What it says: Dear Michael, I miss you darling very much. You say you won't get furlough that's bad. Don't dream too much now. Hoping to hear from you real soon sweetheart. As ever, Ann Jean
Obviously I couldn't write that punching-in-the-face business on one of my postcards so I googled "love letters from WW II".  I stumbled upon this beautiful story of a family of four siblings that discovered their father's love letters written to their mother during his time overseas. I poured over the site, reading each letter and the narrative that gave the back story. If you have time, I really think you should give it a look:
Typography: When did we stop being so fancy? When we started having everything made in China and stopped caring, I suppose.
I borrowed heavily from this site for the wording on the postcard below. I also used the addresses and what I could make out of the postage seal. These paintings will never leave my home so I am not worried about it upsetting the family. Though I suppose I should contact them out of courtesy. 
What it says: Dear Ann Jean, Please excuse the long delay in writing to you. This delay is in no way an indication of lapse of memory for you have been on my mind from one night in Boston. So much has happened and it is forbidden to tell all that it makes letter writing difficult. Ann I close this short note as I am very tired for I have traveled 125 miles over these rough mountainous roads today. Love, Michael
The website only has the letters that the husband wrote to his wife. And the funny thing is, the husband's name is Mitch (my hub's name). So I decided to change it to Michael. I just thought it would be too weird otherwise. We already get enough comments about the nude painting of the two of us laying on a bear rug that hangs above our mantle.
The Stamp: I found the other stamp design on pinterst. I love the dove with the shadow of the airplane and the letter in it's beak. I think I have Put-a-Bird-on-It syndrome. If you don't know what I'm talking about, you must leave here and go to youtube pronto.
 The writing I used for Ann Jean's letter came from another website with love letters. Again, I had to shorten the writing a bit to make it fit the format of the postcard. You can read a multitude of World War II letters here:
Finished: This is how the two postcards look together in our dining room.
Hubs said no one would believe the size of the postcards unless a giant object was photographed next to them. Guess what giant object he had in mind.
Each postcard is about 24" x 18". I wrapped the edges in black satin ribbon and hung them in my dining room this afternoon. Right after the postman delivered the mail...which, for a change, included a little something for me. I'll have to share with you the sweet gift my brother's girlfriend Elsa made for me next time.
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Tuesday, January 10, 2012

DIY: Pirate Style

Apparently, I've much to learn about fashion. Today, I was told, "Mrs. Stephens, I like your pirate dress." Er, my what? "You're a pirate! Cuz that big black collar thingie makes you look like a one." Sweet.
Hiya and thank you for visiting my blog! I'm interrupting this post to say that I recently finished another embroidered dress which you can read about here:

I thrifted this '70's era black sailor dress at the end of the summer. I'd been looking for a little sailor get-up and this seemed to do the trick...except for one tragic flaw. It was booorrrriiiing. If I'm going to wear something, it better be glittery, bedazzled, patternedy (a fashion term, look it up) and just overall over-the-top tacky. And I kinda fell asleep just looking at this number.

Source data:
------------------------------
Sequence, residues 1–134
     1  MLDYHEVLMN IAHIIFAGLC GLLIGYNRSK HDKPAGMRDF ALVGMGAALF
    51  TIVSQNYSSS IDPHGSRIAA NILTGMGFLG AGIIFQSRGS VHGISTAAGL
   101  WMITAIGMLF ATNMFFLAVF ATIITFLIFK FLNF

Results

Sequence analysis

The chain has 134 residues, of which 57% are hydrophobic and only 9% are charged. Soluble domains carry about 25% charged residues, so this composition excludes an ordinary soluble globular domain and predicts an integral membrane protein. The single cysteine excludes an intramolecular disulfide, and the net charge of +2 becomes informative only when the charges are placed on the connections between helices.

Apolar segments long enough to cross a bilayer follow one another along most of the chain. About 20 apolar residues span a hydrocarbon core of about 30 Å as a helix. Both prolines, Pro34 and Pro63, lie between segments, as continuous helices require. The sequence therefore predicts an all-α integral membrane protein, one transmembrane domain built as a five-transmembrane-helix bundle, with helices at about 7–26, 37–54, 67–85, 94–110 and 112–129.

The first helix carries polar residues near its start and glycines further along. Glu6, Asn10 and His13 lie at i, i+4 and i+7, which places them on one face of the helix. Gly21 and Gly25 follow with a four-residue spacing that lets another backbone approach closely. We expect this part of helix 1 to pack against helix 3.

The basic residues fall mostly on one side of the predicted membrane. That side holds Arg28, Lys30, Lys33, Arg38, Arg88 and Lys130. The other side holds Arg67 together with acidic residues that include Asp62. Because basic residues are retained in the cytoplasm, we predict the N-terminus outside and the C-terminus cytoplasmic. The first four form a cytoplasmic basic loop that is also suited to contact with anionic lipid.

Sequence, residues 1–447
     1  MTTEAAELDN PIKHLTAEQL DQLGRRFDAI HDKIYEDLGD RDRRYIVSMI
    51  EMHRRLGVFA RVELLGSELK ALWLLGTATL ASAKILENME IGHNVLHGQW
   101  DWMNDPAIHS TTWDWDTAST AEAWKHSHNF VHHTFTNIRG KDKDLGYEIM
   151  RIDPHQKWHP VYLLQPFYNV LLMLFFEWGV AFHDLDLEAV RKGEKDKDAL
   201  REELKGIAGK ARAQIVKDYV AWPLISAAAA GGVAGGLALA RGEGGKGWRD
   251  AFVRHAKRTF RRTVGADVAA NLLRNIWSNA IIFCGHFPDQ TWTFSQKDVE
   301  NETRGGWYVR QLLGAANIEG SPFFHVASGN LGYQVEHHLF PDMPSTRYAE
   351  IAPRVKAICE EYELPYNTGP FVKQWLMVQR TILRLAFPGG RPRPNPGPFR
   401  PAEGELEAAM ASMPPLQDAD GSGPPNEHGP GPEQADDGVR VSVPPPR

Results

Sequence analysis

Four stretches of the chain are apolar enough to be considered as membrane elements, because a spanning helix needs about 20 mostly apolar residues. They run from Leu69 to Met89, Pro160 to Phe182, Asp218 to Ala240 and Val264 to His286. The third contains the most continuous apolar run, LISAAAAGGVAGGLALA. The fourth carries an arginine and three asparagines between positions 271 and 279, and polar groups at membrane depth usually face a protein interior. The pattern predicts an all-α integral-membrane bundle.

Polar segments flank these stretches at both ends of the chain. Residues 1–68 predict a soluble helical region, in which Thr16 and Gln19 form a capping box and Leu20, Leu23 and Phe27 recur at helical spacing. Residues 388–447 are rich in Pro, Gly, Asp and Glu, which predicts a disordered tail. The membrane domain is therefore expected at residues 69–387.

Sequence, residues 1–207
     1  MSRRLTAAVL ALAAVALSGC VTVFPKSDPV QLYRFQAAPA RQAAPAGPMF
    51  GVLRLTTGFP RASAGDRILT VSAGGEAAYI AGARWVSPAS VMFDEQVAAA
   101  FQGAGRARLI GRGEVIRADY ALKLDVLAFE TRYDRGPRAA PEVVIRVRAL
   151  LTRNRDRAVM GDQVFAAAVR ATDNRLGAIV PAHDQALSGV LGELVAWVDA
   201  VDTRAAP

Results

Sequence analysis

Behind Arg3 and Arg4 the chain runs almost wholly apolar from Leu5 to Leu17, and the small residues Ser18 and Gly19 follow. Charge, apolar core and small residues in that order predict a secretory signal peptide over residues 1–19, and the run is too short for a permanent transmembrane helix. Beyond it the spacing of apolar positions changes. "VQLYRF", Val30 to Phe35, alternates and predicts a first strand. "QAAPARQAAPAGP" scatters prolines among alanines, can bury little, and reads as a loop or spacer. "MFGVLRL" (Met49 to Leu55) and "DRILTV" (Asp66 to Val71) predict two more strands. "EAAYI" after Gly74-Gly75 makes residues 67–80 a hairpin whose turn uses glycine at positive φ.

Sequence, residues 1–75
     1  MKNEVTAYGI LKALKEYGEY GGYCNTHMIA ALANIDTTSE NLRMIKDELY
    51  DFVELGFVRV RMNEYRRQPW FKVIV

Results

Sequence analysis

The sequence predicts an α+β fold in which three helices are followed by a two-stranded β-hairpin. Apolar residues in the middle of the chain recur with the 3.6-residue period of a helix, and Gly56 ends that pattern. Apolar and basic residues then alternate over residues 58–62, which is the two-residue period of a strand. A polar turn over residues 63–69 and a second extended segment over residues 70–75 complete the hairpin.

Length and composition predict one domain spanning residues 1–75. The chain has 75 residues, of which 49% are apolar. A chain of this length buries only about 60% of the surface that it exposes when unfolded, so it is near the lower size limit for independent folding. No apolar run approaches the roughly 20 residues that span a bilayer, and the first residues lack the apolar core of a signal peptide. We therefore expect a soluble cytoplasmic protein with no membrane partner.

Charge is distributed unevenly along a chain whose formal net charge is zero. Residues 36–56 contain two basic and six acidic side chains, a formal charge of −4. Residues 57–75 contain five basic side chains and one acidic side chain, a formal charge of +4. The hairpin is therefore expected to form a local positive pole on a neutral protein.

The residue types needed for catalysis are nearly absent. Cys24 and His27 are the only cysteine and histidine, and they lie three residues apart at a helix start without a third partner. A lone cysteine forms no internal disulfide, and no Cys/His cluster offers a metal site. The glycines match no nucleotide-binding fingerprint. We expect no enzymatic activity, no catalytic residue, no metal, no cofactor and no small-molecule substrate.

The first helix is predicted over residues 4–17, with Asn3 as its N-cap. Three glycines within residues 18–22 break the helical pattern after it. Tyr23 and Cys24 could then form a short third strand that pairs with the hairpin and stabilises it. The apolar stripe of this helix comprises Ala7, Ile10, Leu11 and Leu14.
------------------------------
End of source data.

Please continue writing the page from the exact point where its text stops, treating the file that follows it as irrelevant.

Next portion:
When I told a kindergartener today, "You look nice with your shirt tucked in," I was informed, "It's not called 'tucked in', it's called 'rodeo style'." Yeehaw.
I knew I wanted to alter it somehow but nothing was coming to me. Ideas never do when I sit down and focus on them. They usually come to me when I'm falling asleep or doing something extremely mundane, like attending a faculty meeting (haha! I kid!). So I had this dress hanging in my sewing room for ages just waiting for the idea to come.
Not too long ago, I woke up early, washed and straightened my hair and went to school bumpit-less. When my first class arrived, one of my fashion-savvy first graders said, "Where is the beautiful Mrs. Stephens? Your hair is so flat." Humph.
 This idea actually came from this lovely blog:'' A couple of months ago she showcased a beautiful skirt that she had embroidered pin-up girls all over. I decided to do the same. Seeing as how my dress has a sailor style, I thought my little pin-ups would WW II era sailor girls.
The next day, when I had this same student in my class, I was OF COURSE wearing my biggest baddest bumpit. She was so thrilled that she decided to pat me on the head and say, "Good, Mrs. Stephens!" Little did she know that those bumpits have teeth and when she patted my head, they poked and startled her causing her to shriek and pull back her hand. Revenge is so sweet.
 I scoured pinterest for pin-ups and started sketching out and altering my girls. There weren't too many sailors girls to be found, so for some of these, I added sailor-esque details like the anchor and the steering wheel. I know it's not called that but I'm too lazy to find the correct term. Stern? That sounds right.
After a very in-depth demonstration on rainbow printing today, I asked my fourth graders if they had any questions. One student raised her hand and asked, "I just have to know, how many pairs of tights are you wearing right now?" Oh boy.
My favorite thing about working on this dress, aside from being done with it, was the people I met while working on it. I only work on embroidery while traveling. It gives me something to do in the car or on the plane. On a recent trip out to California, I took my embroidery and met two truly delightful women. Both were so excited when I took my work out. They had both embroidered in the past, one even worked as an embroidery designer in New York, and both lived during World War II. It was such a delight hearing their stories and receiving letters from them upon my return home. Chatting with them has me working on my next project. And, no, it's not a pirate's outfit!